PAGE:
Fresh off notching his 400th Hong Kong winner, trainer Paul O’Sullivan didn’t waste any time ringing up his 401st as Acclaimed Light captured the Class Three Sauternes Cup (1,650m) at Happy Valley on Wednesday night.
The consistent six-year-old has been knocking on the door all season – he had finished in the first four seven times without winning while his rating had fluctuated between 61 and 63 – but finally everything went his way.
Jockey Matthew Chadwick settled Acclaimed Light in the box seat while Don’t Miss took up the lead, before switching off his back in the straight and running over the top for his first win since December 2016.
“No weight, nice draw, good ride – that’s what made the difference,” O’Sullivan said.
“Say a horse has 12 runs in a year, you might only have two of those when he’s drawn a gate, he’s got the right weight, the speed is right so their window of opportunity is very small. And if they miss it, they can be racing well but you might go through a whole season without winning.
“He is always there or thereabouts. He’s just a very honest horse.”
The win gave Chadwick something to smile about after incurring a two-meeting suspension for his ride on Peace On Earth in the opening race of the night. Vincent Ho Chak-yiu was the other rider outed on the night, also copping a two-meeting ban after his effort on Shalluck in the fourth race.
But one jockey who didn’t have the same luck was Sam Clipperton, who missed out on the winning ride aboard Benno Yung Tin-pang’s You Have My Word in the Class Four Ng Tung River Handicap (1,800m) after having to forfeit his mounts earlier in the day because of a chest infection.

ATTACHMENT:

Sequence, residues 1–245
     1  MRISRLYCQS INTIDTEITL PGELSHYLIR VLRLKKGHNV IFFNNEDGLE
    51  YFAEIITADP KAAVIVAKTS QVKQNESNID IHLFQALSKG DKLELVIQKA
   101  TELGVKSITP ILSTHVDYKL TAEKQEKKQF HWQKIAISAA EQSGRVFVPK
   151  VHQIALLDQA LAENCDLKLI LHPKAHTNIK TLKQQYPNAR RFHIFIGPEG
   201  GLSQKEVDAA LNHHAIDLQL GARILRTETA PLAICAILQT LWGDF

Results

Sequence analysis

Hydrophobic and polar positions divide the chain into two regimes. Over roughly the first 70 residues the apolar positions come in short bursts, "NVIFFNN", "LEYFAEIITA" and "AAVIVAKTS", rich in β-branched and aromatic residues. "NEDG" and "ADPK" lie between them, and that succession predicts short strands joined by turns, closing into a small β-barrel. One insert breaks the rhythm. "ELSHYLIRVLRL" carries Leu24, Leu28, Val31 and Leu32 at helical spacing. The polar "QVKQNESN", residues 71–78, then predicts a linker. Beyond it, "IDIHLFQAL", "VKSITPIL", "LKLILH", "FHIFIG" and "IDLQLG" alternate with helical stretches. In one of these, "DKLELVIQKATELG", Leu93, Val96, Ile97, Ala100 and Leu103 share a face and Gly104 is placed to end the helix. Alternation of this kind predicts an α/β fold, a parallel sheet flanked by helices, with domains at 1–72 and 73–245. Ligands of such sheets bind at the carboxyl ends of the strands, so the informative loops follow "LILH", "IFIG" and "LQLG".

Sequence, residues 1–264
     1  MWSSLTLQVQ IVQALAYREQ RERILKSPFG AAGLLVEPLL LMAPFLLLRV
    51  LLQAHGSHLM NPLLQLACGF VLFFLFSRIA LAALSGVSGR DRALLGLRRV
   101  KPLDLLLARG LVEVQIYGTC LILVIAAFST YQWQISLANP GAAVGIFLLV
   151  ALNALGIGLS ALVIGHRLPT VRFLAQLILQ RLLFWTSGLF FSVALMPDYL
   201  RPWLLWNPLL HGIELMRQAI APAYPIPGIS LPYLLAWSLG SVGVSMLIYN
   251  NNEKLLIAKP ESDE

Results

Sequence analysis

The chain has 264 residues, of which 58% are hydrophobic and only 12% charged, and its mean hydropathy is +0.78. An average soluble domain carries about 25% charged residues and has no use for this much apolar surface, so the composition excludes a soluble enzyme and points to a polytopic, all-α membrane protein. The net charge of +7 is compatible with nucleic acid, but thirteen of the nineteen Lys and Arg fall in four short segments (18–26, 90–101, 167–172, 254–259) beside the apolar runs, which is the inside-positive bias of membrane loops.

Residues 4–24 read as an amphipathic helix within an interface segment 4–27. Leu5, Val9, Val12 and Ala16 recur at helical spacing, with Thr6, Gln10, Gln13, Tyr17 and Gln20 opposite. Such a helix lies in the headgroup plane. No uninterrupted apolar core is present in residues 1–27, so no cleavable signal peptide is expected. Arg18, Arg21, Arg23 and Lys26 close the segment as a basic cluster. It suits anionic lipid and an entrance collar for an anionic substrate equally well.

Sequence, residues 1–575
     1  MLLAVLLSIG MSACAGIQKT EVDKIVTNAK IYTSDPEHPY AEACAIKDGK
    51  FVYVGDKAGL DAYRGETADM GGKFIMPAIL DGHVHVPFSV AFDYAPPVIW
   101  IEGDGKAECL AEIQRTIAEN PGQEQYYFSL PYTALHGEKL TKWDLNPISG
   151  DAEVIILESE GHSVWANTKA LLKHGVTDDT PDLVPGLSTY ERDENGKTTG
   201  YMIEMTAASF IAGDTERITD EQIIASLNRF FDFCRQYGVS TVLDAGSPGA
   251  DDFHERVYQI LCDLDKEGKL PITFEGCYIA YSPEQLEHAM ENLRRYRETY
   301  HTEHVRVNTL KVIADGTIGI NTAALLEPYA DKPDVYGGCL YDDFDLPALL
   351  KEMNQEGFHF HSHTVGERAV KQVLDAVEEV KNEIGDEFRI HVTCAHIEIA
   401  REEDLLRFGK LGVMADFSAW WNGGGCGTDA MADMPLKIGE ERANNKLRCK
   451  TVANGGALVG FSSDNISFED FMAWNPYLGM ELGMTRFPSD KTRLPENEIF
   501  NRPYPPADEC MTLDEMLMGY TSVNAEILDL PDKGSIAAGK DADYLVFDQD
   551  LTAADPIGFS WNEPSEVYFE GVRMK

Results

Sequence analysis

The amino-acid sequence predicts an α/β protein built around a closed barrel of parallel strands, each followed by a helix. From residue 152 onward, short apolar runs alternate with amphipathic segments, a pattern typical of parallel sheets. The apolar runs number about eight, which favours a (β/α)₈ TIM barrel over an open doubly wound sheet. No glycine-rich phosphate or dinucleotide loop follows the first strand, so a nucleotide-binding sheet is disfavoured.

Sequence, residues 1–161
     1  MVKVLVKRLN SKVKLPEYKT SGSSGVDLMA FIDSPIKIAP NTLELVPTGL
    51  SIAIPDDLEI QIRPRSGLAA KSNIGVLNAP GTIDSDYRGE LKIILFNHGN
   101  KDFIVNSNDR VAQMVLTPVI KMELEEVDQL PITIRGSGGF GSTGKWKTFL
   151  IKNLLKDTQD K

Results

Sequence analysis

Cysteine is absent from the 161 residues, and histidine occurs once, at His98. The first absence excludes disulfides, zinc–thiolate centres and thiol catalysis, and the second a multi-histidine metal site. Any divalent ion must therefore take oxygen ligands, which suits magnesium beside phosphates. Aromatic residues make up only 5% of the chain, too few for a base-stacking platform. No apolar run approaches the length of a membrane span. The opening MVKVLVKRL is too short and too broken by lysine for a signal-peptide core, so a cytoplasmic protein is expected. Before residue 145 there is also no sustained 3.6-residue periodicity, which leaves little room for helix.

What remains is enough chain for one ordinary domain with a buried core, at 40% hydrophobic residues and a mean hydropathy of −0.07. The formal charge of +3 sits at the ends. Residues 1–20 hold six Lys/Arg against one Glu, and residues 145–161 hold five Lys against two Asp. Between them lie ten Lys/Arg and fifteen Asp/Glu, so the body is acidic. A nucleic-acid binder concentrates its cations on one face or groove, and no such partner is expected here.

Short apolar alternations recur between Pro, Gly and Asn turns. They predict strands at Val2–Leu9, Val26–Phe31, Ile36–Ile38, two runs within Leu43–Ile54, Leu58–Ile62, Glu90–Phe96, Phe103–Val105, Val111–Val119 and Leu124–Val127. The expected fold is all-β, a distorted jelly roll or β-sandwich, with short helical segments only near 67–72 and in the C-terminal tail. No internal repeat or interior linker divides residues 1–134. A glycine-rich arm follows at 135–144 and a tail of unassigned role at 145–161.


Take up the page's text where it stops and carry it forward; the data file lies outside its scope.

Karis Teetan was the one to take advantage, pouncing late to give the six-year-old his second win of the season.
It’s been a big turnaround for You Have My Word, who only beat one runner home in his first six starts across his first two seasons at Sha Tin.
“There was nothing wrong with the horse, but he hated Hong Kong,” the trainer said. “I said to the owner there are two things we can do – give him a long break or you can send him back to New Zealand to race. There was nothing physically wrong with him, it was all mental. The ability was there but he wasn’t happy here and he didn’t want to try. But now he is much happier, more acclimatised and now he is trying.”
In the race for the jockeys’ championship, Zac Purton pulled Joao Moreira’s lead back to eight after book-ending the card.
The Magic Man had one winner with the John Size-trained Zero Hedge, but the Australian got two as he saluted on Casper Fownes’ Formula Galore and Fast Most Furious for David Hall, and the latter clearly has more upside.
“He is only lightly raced and that is not his best distance, which showed tonight because he was off the bit a long way out. I think we will be looking for a step up in trip,” Hall said. “But he carried 133 pounds, so in the circumstances it was a pretty good win.”
Fast Most Furious completed a running double for Hall, who also tasted success with Lucky Time. That win also gave his apprentice Matthew Poon Ming-fai a brace after winning earlier aboard the Danny Shum Chap-shing-trained Orionids.
Meanwhile, the Jockey Club announced it has received seven international entries for the Group One Standard Chartered Champions & Chater Cup, but only one is a chance to be racing at Sha Tin on May 27.
The list of entrants features Godolphin duo Hawksbill and Frontiersman, South African Derby winner Al Sahem, Japan’s Chestnut Coat, and European trio Chemical Charge (Great Britain), Mac Mahon (Italy) and Veneto (Germany).
“It’s good to get the entries and it’s nice to get the interest but practically speaking the only live chance we really have is Chemical Charge,” Jockey Club director of racing business and operations Bill Nader said.
“There were quite a few stables really thinking about it but it’s really competitive out there and if we get one horse to come that’s a good starting place.
“It’s a building process. Outside of Champions Day and Hong Kong International Races, the Champions & Chater is the race best positioned to get international participation so we’ll push for that moving forward.”